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E-M:/ Release: Governor / House Dems Anti-trash Bill Signings
- Subject: E-M:/ Release: Governor / House Dems Anti-trash Bill Signings
- From: "Daniel Farough" <Dfarough@house.mi.gov>
- Date: Fri, 26 Mar 2004 12:58:18 -0500
- Delivered-To: email@example.com
- Delivered-To: firstname.lastname@example.org
- List-Name: Enviro-Mich
- Reply-To: "Daniel Farough" <Dfarough@house.mi.gov>
Enviro-Mich message from "Daniel Farough" <Dfarough@house.mi.gov>
FOR IMMEDIATE RELEASE
Friday, March 26, 2004 Contact:
Phone: (517) 373-2093
Cell: ( 517) 303-5270
Gov. Granholm Signs Anti-Trash Bills; Credits Gieleghem, Law for
Leading the Fight
Trash-O-Meter Takes a Bow
SUMPTER TOWNSHIP/CLINTON TOWNSHIP ---- At ceremonies today, Governor
Jennifer Granholm signed a legislative package of anti-trash bills that
House Democrats, led by Rep. Paul Gieleghem (D-Clinton Township) and
Rep. Kathleen Law (D-Gibraltar), have championed for more than a year.
The bills, which closely mirror legislation penned by Gieleghem, are
designed to ensure tough standards and curb the flow of Canadian and
out-of-state waste that enters Michigan.
"I commend Representative Gieleghem for his steady leadership on this
issue and for making it one of his top priorities since being elected in
1998," Granholm said. "The laws I am signing today were largely
modeled after legislation that Paul first introduced five years ago.
These laws will give our state needed leverage to deal with the problems
of Canadian trash."
Granholm also praised Law for her leadership on the issue.
"Representative Law has been a tireless advocate for new regulation
and restrictions on the flow of out-of-state and Canadian trash since
first stepping foot on the floor of the Michigan House of
Representatives," Granholm said. "Her effectiveness in fighting for
these new laws will help improve the quality of life for the residents
of her district who have been impacted by the 1.55 million tons of trash
that came into Sumpter Township in 2003."
The 11-bill package would ban pop cans, beer bottles and old tires from
Michigan landfills. It also gives the DEQ the ability to close
Michigan's border to out-of-state trash shipments that pose a
substantial threat to public health and safety.
"Everyone said this couldn't be done, but House Democrats proved
that when the people of Michigan make their voices heard we can pass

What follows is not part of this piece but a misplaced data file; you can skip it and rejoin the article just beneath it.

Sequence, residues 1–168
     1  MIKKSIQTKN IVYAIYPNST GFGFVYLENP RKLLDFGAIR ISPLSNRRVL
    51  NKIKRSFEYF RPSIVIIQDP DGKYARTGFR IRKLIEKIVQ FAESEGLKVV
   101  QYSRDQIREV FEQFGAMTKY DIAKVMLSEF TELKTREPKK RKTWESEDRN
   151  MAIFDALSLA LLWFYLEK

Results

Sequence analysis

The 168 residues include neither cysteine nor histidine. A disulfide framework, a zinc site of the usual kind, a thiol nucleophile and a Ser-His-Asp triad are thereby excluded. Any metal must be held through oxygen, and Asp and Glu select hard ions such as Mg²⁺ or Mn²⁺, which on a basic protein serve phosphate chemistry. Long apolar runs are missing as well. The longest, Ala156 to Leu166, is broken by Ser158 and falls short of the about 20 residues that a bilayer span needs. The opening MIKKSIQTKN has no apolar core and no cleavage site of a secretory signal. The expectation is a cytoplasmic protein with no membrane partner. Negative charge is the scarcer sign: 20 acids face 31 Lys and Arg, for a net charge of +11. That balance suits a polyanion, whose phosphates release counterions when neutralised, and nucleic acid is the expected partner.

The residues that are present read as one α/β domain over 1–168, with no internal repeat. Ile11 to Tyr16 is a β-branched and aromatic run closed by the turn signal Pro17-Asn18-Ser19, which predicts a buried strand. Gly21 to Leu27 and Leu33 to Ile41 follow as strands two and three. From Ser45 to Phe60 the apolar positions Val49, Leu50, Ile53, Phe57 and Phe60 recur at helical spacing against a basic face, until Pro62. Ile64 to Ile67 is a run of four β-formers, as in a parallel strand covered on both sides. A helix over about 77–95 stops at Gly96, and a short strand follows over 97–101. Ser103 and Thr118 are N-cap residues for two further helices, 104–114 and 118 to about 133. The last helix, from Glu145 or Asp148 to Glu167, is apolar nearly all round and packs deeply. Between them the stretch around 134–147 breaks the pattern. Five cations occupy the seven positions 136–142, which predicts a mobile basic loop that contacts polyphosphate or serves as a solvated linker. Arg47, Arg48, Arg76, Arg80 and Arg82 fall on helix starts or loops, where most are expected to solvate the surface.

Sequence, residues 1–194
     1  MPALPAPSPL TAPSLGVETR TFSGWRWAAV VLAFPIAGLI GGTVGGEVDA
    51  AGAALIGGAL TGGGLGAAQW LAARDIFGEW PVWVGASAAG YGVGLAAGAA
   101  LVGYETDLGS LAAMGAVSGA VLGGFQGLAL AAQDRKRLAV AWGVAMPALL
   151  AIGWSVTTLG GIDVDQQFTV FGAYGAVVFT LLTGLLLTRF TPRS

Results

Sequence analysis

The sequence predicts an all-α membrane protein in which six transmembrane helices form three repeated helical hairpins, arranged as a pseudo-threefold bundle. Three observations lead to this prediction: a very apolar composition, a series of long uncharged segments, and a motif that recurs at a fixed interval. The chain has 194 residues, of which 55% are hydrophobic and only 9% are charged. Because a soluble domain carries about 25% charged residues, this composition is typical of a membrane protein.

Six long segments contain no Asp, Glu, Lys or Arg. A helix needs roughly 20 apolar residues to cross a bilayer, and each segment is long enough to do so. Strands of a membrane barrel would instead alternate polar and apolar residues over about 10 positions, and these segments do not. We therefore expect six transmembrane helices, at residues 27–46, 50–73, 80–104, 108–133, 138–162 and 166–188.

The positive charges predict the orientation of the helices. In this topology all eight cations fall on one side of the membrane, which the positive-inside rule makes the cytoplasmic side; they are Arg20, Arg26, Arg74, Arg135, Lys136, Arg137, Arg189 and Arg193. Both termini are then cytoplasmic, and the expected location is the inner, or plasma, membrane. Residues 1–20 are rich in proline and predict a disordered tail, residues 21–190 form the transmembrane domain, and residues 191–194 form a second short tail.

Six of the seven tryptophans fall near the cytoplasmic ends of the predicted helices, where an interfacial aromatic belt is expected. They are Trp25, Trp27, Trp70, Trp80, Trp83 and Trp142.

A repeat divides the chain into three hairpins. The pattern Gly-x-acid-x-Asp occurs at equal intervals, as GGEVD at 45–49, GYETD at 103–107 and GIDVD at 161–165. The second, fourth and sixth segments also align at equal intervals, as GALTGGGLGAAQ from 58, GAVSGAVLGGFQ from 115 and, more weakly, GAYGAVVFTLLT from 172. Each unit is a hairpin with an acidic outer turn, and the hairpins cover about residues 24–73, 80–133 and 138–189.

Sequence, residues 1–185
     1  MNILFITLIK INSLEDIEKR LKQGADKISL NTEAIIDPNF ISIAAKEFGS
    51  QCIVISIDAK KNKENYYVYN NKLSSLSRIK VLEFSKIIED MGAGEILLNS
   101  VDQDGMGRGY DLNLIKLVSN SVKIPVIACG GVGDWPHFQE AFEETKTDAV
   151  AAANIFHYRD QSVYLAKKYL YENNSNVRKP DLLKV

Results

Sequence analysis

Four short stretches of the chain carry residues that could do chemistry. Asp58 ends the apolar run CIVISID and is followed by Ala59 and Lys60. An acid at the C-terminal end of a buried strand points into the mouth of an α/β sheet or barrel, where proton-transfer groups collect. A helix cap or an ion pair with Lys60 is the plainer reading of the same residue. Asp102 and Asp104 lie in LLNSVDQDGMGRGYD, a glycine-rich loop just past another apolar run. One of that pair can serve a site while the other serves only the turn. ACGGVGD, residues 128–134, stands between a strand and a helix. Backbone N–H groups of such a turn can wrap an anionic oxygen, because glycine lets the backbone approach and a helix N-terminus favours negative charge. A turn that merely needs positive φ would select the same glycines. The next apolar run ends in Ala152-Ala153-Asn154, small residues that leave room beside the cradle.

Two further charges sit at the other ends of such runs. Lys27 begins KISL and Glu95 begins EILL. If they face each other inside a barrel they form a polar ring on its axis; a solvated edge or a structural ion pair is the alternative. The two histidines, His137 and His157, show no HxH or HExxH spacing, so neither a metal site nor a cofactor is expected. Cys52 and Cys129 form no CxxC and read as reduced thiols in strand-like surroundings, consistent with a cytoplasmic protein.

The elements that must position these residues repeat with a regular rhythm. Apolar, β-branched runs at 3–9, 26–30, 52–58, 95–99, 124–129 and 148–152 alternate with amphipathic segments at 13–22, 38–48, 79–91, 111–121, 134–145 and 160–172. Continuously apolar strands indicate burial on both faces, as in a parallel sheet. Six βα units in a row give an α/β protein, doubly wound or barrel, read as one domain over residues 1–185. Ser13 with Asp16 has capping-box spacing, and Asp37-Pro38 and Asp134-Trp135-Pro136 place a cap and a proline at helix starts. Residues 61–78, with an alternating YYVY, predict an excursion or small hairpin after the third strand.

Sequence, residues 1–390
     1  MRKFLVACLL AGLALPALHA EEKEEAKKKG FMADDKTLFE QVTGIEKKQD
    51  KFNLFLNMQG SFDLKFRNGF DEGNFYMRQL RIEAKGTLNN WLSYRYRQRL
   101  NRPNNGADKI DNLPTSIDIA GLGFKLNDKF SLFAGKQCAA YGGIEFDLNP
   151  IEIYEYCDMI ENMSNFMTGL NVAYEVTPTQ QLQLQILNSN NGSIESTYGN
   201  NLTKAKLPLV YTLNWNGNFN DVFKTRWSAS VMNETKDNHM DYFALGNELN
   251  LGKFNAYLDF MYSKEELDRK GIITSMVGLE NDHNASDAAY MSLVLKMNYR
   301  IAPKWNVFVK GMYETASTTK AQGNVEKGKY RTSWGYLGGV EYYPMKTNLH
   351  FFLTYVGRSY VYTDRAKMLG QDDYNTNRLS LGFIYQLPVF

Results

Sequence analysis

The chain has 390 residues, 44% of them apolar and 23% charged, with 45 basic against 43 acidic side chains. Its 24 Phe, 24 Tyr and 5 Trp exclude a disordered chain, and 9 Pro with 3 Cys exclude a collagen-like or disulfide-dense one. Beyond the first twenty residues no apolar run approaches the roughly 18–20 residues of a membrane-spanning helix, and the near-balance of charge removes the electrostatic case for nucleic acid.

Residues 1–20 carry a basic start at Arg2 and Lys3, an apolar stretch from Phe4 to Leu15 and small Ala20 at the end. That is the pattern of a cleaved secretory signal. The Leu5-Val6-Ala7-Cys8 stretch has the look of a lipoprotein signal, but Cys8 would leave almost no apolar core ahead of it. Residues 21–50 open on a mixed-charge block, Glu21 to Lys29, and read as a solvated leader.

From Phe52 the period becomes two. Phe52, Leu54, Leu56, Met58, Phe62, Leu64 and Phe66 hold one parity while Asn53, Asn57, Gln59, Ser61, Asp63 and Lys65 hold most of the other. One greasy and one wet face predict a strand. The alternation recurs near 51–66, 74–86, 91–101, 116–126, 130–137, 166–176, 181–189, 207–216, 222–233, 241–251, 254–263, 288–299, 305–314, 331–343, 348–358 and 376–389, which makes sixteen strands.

important legislation despite opposition," Gieleghem said.
"Together, we proved the cynics wrong and now we have laws in place
that will ensure that the Great Lakes State doesn't turn into the
Great Waste State."
Law characterized the victory as "a milestone for those who
are committed to the protection of our natural resources."
"It is fitting that Governor Granholm chose a park across from
the Carleton Farms Landfill in Sumpter Township to sign these bills,"
Law said. "Today, we have taken a giant leap forward in our ongoing
stewardship of the outdoors. With this legislation, we can all continue
to stay true to our state motto: 'If you seek a pleasant peninsula,
look about you.'"
From the beginning, the anti-trash bills earned bipartisan support.
However, the bills were stalled by House Republican leaders since they
were introduced on January 29, 2003.
In the last 14 months, House Democrats have held 15 Town Hall meetings
across the state; introduced a Trash-O-Meter device to measure in real
time the amount of imported waste coming into Michigan; held more than a
dozen press conferences; and launched a yard sign campaign and petition
drive (on-line and door-to-door) to force action on the bills.
Added pressure came when a grassroots campaign, spearheaded by local
Democratic Party organizations in places stretching from Monroe County
near the Ohio border all the way to Marquette in the Upper Peninsula,
picked up steam as citizens rallied in support of the anti-trash
"For the record, we're not quite ready to unplug the
Trash-O-Meter," Gieleghem said. "We will continue to fight for
federal legislation giving us the expressed authority to ban imported
waste and protect the beauty of our state."
House Democratic Communications
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